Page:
Monday, April 2, 2012

The Arctic Circle Race (and World Champs)

The Arctic Circle Race
                       World Championships

This is probably one of my most exciting updates I have ever written!

I left Canada at the end of February after training and racing there for 3 months. I arrived in Munich with no problems whatsoever, and made it to my accommodation with no worries. How nice it is when things go right! My father arrived 2 days later, and we proceeded to prepare for the first competition of the 2012 biathlon World Champs- the 7.5km sprint. It was slightly strange, but great, to have my father yelling out corrections to me on the range- and we only had a few domestics during the 10 days. Success!
Figure 1- The crowd in Ruhpolding

The sprint race went well- I hit 9/10 and skied as well as I could. Conditions were tough! It was +15 with very deep wet snow, but I rolled my sleeves up and worked on my tan, so I feel as though I benefitted. After a few days more training, it was the 15km Individual. Conditions were slightly better, but not much. I had amazing skis in this race, which were waxed by the Greenland Waxman. My first shooting I hit all 5 and left the range in a great position…then I started missing. I missed 5 in total, but had an amazing ski. I felt so happy and thoroughly enjoyed the entire race- potentially one of my most enjoyable competitions in my career. Here is a link to a Youtube video of my racing:

From World Championships and the 2 IBU cups I did in Canmore, I have qualified for a Wild Card position on the World Cup circuit next season, and qualified for World Championships in Nove Mesto, Czech Republic. Yahoo!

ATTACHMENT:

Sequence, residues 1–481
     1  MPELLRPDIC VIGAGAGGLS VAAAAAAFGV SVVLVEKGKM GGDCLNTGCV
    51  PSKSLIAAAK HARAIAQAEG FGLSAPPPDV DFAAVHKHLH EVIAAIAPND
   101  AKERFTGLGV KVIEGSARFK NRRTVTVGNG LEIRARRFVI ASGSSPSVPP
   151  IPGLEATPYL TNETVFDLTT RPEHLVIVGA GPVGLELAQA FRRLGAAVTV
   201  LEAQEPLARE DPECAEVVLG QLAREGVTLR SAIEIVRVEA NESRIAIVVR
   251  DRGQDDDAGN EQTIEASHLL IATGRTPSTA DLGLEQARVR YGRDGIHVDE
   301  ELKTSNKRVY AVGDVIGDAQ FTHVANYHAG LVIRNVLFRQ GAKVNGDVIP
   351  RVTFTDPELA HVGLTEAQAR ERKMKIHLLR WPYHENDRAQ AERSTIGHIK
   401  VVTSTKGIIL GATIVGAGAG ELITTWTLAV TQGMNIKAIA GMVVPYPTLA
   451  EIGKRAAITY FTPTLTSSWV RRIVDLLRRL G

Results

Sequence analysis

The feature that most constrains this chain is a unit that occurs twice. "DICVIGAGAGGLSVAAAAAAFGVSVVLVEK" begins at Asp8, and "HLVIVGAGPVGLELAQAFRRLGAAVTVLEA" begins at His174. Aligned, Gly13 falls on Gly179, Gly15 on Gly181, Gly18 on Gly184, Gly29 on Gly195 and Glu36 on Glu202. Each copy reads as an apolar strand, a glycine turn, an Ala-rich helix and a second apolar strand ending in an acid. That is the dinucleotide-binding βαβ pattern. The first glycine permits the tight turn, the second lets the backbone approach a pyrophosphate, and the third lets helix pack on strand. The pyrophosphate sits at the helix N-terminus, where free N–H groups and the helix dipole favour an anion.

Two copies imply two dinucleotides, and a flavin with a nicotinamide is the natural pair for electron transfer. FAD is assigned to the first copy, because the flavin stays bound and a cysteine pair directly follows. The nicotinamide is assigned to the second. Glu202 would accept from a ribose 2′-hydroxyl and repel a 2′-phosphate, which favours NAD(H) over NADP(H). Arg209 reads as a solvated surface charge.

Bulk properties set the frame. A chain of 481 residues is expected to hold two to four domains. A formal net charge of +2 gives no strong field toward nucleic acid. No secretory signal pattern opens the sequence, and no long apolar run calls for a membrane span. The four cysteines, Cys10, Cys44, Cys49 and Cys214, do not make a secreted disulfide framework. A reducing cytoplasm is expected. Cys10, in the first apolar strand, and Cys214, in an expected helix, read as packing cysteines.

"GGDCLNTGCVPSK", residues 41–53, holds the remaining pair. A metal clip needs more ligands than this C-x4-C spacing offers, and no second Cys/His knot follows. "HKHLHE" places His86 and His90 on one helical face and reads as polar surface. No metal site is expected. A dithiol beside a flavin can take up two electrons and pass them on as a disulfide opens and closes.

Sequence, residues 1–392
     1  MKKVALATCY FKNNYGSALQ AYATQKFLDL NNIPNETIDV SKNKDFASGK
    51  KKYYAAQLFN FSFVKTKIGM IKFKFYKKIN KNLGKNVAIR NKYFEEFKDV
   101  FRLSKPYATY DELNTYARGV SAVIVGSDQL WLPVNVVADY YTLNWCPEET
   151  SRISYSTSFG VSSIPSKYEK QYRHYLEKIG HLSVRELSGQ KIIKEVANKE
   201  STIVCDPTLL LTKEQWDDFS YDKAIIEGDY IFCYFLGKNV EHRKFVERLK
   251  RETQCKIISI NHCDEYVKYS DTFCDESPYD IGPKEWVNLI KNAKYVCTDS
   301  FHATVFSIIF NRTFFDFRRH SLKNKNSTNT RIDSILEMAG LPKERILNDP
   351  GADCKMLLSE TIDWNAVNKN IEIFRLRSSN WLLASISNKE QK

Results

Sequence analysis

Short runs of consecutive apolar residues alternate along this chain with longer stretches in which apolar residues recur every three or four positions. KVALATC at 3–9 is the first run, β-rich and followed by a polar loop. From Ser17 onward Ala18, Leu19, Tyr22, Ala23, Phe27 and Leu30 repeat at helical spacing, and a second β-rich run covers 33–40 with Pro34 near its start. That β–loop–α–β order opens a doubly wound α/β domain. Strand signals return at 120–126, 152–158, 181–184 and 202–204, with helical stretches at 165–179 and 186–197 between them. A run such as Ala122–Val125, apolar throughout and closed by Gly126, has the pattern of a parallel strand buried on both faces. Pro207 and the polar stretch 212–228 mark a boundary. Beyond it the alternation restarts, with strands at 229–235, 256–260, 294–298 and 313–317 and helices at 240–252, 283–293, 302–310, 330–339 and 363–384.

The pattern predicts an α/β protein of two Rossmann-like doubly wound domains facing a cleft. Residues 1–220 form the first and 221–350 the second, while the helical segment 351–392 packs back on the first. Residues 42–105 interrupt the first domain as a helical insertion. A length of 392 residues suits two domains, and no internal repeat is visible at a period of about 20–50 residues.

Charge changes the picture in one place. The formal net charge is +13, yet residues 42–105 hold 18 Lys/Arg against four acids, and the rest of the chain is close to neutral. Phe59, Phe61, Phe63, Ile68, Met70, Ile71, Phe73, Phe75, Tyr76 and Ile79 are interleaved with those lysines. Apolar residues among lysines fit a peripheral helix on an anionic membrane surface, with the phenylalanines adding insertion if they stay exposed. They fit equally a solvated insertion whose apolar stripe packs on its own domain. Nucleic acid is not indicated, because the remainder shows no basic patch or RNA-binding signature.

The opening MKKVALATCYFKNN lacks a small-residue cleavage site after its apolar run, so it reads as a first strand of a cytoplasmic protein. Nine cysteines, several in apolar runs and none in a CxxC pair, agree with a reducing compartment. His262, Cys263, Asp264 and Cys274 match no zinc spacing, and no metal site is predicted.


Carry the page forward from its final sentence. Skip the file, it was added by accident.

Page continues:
After World Championships, I had no plans. I huffed and ha’ed for a while, and then decided to go to Oslo to get in some classic skiing. My good friend from Greenland, Uiloq, and I had a great week running and skiing and enjoying the very warm weather! I left on the 17th of March and went to Copenhagen for 3 days to visit with my cousin Andrew who I had not seen in 16 years! I was thrilled to be able to fit that in. After a few touristy days, I was dropped off at the airport to catch my flight to Greenland.

The Arctic Circle Race

Greenland- What a place! The houses, the scenery, the people, everything is just amazing. You may wonder why I was in Greenland? Well, there is this race which has been dubbed the ‘hardest cross-country ski race in the world’ and for some reason I decided to do it. It is a 3-day, 160km cross-country ski race, with camping overnight. And I was in Greenland to do it- Oh dear.

We arrived in Sisimiut on an Air Greenland little pencil plane, and were transferred in a rickety bus to our accommodations. I was quite relieved as I just got on the plane not knowing what was really going on- but it all worked out and I was doubled up in a room with a nice woman from America, Leslie. The first two days we had time to train and prep our skis- which I think some of the racers got a kick out of my attempt to prep classic skis- one shortfall of being a biathlete, dang!

The night before the race, we were all given our emergency bags with a whistle, bivy bag and emergency blanket, as well as maps of the course. You never know when the weather will change in Greenland, I guess! March 23rd came around very quickly, and before I knew it, we were standing on the start line. Wholly man, I cannot believe I am doing this- was essentially the thought running through my mind. There were 139 starters, all ready for the next 3 days of pain.  3-2-1 and we were off. The whole town was there cheering, so they made a 1.2km track that circled back past the crowd, which entailed climbing up and skiing down a small downhill ski hill. Murphy’s law, I fell on that first downhill in front of everyone- ah, not a good start!